This year marks 50 years since the moon landing. And it's 20 years since the publication of the Urban Stormwater Best Practice Environmental Management Guidelines—as part of an initiative led by Chris Chesterfield when he was at Melbourne Water, aimed at fundamentally changing stormwater management practice in Australia.
First published in 1999, the guidelines included new environmental performance standards for stormwater management, developed by the then CRC for Catchment Hydrology (of which our CEO, Professor Tony Wong was a part), and their adoption led directly to the development of the MUSIC modelling software by that CRC.
MUSIC (or Model for Urban Stormwater Improvement Conceptualisation) is now the industry standard software for developing strategies for sustainable urban water management, and emerged out of Tony and his team’s breakthrough discovery that nearly all urban stormwater systems could be simulated using a single model. MUSIC was subsequently commercialised (through eWater Ltd) and now boasts a strong national and international market with over 1700 active users.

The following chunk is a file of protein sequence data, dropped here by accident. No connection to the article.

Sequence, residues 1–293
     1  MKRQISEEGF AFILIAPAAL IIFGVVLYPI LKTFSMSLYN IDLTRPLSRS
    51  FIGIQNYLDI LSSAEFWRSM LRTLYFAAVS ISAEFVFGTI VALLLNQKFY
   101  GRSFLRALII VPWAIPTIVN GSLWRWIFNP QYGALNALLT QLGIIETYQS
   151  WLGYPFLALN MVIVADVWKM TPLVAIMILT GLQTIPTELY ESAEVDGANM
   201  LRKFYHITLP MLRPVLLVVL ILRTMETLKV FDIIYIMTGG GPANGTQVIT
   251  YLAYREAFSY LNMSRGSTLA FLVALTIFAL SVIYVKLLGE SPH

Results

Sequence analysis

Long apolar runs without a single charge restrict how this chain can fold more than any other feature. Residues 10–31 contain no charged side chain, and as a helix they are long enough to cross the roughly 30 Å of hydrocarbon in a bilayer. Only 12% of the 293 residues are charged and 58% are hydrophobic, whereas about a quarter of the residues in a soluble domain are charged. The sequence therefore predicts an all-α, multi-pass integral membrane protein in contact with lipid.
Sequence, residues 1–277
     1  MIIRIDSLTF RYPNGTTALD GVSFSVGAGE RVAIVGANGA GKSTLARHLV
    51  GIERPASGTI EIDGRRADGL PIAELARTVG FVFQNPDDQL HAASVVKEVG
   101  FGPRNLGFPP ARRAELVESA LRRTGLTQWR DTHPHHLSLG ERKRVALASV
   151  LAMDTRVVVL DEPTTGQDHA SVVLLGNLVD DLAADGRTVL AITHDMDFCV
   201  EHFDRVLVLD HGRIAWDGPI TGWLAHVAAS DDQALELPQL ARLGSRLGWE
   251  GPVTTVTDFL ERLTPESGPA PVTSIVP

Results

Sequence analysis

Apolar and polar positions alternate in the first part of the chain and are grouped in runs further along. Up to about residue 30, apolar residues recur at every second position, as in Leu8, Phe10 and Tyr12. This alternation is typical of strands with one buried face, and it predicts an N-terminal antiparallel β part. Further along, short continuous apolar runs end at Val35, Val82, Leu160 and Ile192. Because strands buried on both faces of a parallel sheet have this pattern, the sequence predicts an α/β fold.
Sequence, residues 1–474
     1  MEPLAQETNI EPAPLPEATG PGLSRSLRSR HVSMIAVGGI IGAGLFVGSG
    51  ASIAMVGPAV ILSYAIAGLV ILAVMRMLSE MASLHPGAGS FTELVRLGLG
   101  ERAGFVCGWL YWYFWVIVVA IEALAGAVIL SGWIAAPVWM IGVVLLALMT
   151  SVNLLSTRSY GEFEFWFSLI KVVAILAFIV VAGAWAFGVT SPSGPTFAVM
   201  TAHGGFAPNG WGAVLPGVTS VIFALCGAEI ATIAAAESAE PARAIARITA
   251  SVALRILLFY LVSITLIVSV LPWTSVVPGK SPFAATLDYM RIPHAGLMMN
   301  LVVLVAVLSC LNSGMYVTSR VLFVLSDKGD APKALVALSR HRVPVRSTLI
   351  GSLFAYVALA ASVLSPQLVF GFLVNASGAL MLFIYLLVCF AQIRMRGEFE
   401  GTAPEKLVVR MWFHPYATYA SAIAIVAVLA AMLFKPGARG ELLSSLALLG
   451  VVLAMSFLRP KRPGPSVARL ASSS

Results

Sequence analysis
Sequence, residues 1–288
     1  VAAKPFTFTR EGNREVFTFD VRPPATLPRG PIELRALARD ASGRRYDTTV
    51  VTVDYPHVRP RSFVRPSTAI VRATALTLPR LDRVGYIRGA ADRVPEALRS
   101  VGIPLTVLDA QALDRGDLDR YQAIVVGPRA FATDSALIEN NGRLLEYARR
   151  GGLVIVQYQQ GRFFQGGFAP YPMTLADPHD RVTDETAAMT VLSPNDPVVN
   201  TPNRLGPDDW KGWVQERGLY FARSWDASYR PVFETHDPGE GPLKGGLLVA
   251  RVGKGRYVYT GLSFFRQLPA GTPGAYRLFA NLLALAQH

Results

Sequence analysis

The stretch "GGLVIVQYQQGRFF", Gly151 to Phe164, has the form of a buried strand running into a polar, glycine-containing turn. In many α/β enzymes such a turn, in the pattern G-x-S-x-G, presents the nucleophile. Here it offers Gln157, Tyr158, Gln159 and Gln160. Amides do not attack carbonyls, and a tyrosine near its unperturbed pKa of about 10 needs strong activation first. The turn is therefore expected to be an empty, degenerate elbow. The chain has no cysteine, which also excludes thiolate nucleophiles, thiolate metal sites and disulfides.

Secret to their success
Just as the impact of the Apollo program is unsurpassed after 50 years, the BPEM standards and MUSIC have proven remarkably resilient. After two decades, they remain the industry standard in much of Australia. So, what is the secret to that success?
Tony believes it might be the simplicity and practicality of the standards. ‘The standards are straightforward to understand and to apply, but they are also based on good science. They were also part of a bold aspiration to transform a century old ‘drainage engineering’ approach to urban stormwater management to one based on water sensitive urban design—a transformation that is still underway across all our cities,’ he says.
Now a leading strategic thinker and research leader at the CRC for Water Sensitive Cities, Chris Chesterfield, agrees and points out that collaboration is also key.
‘The BPEM standards and MUSIC modelling software are great examples of the benefits of industry/research partnerships. That partnership has continued with different institutions over time, with the current CRC for Water Sensitive Cities being the direct descendent of the CRC for Catchment Hydrology and an ongoing champion of bold aspirations,’ he says.
The BPEM is a toolbox for people planning, designing and/or managing urban land uses or stormwater systems. It establishes stormwater quality objectives to help determine the level of stormwater management necessary to meet Victoria's State Environment Protection Policy (Waters) objectives (SEPP), a statutory policy under the Victorian Environment Protection Act 1970.
We’d all agree, while the moon landing was one giant leap for mankind, the BPEM and MUSIC were one giant leap for Australian stormwater management.